Italian physicist and mathematician Galileo was deemed a heretic and tried for his promotion of the Copnernican view that the earth orbits the sun and that the earth is not the center of the universe.

Italian physicist and mathematician Galileo was deemed a heretic and tried for his promotion of the Copnernican or heliocentric view that the earth orbits the sun and that the earth is not the center of the universe.

In fact, the phrase “kill the messenger” is known and understood globally, and for good reason. Many people know that organizations and human nature prevent good people from offering alternative views that challenge authority and orthodoxy. Some like Galileo, who offered a view the earth was not the center of the universe, turned human understanding of man and God on its head, and he was ex-communicated and not forgiven for more than four centuries by the Catholic Church.

So how can organizations, like public agencies such as health departments, create safe environments to allow for alternative views to flourish, for the purpose of improving decision-making internally. This is no easy fit, as these are hierarchical by design, and I have yet to hear how alternative decision-making works in them in a real-word basis.

In organizational theory, Peter Senge’s so-called “learning organizations” may be a model, but that is not really the built-in acceptance of a 10th man contrarian. Of course CEOs, companies, and consultants aplenty try to allow contrarian views because the endgame for them is profit maximization and success of the firm. In the world of intelligence gathering and organizational behavior. failure has been dubbed “group think.”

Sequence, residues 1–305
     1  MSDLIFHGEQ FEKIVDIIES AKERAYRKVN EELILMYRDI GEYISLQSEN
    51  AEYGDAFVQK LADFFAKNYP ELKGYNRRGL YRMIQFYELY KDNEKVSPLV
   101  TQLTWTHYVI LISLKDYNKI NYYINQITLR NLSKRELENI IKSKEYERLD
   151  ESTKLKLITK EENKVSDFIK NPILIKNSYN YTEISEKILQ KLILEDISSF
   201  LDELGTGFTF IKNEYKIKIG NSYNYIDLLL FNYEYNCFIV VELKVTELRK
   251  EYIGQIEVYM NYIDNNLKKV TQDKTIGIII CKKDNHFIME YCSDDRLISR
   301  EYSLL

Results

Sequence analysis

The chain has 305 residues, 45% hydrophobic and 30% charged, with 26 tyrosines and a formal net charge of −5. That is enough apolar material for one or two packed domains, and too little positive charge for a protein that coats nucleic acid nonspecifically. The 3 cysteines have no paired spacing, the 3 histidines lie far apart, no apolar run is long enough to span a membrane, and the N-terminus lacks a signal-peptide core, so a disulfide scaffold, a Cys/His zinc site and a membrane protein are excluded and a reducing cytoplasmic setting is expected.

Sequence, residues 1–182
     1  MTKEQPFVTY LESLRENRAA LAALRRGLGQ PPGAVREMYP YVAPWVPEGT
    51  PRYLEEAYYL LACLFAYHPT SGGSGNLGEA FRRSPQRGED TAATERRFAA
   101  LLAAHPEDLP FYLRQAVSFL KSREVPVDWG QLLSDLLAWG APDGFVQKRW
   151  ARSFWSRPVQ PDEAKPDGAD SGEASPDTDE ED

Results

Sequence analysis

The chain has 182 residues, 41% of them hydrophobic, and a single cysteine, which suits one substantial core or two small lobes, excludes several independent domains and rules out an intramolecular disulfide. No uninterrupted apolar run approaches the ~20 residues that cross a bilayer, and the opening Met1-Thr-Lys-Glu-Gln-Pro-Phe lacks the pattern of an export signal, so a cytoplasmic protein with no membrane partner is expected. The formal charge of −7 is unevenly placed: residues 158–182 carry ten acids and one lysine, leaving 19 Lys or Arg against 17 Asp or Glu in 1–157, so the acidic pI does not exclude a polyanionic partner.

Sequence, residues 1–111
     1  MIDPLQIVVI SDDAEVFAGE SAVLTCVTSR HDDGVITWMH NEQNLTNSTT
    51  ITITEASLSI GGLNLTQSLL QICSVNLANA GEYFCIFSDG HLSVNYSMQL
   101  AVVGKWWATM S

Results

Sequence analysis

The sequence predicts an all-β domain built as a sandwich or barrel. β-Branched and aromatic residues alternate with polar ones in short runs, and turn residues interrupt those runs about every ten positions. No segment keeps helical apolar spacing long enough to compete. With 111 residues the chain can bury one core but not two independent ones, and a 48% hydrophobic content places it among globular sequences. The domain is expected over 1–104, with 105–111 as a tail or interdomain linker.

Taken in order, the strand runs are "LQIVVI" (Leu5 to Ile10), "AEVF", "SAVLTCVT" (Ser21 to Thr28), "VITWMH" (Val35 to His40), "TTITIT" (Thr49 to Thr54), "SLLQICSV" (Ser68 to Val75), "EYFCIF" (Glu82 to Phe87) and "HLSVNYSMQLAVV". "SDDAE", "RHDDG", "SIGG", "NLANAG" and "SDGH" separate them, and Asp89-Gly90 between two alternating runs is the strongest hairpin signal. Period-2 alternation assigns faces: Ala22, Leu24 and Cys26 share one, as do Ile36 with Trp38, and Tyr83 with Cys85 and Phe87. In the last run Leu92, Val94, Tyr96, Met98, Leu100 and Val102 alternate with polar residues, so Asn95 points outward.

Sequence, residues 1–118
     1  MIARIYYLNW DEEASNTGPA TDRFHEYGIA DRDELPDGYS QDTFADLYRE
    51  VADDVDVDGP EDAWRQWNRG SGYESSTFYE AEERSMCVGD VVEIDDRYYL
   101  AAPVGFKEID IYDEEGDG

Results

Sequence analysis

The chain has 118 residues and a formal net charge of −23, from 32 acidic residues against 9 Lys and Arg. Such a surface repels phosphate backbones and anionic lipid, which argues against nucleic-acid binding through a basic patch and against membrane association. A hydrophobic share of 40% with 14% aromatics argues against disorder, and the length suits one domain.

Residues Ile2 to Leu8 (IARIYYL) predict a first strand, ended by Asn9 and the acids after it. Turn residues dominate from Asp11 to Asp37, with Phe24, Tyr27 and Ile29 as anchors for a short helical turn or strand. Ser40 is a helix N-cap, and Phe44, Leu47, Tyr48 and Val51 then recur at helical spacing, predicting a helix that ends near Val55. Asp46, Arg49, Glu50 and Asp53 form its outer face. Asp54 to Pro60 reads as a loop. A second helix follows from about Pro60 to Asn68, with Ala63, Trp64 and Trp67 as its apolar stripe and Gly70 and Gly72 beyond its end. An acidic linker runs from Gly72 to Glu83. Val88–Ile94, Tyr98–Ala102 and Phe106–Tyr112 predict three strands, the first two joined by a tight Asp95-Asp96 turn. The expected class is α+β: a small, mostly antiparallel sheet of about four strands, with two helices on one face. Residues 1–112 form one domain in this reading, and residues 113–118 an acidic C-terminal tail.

Getting back to our popular public health film trope, the zombies

Personally, I would love to see public health agencies, top to bottom, hire and fund the bright and brilliant artists who are creating manga comics and who are making manga comic-styled videos. And it is no surprise some manga comic artists have been hired and there are positive results. I have seen one video already, produced by the outfit called the Global Health Media Project. The group published a gritty portrayal of how lethal cholera can be, as a means to promote global education against its spread. You can watch the video below by clicking on the image.

The Story of Cholera

What would a campaign that promoted immunizations and targeted the promoters of anti-vaccination deniers look like if it were entrusted to artists who can tell riveting stories linked to movies, like the three clips below that accompany Will Smith’s I Am Legend zombie apocalypse thriller?

Check them out and see what you think–click on each screen snapshot to see clips on YouTube. Would there need to be a 10th man pitching these ideas inside the proverbial boardroom saying this would be a better investment of prevention dollars than methods that may have yielded no measurable results, ever?

 

I Am Legend Manga Extra 1

I Am Legend Manga Extra 2

I Am Legend Manga Extra 3

A few thoughts on management, leadership, and the greatest of ‘em all, Abe Lincoln

About two years ago, I was tasked with doing a summary of the essential differences between management and leadership. This is one of the great topics in all of management and organizational behavior literature. Walls of books line bookshelves by experts from every field, from sports to defense to business.

This difference impacts all of us, because the effects of good or bad leadership filter down to all of us, either as government policy or work environments, or in extreme cases, life and death outcomes as seen in conflicts raging in Syria, South Sudan, and other troubled areas.

As someone working in public health, I am acutely aware how this woefully underfunded field needs inspirational leaders to tackle the challenges posed by public health threats, but also to inspire and steer public thinking and win support for greater public health funding.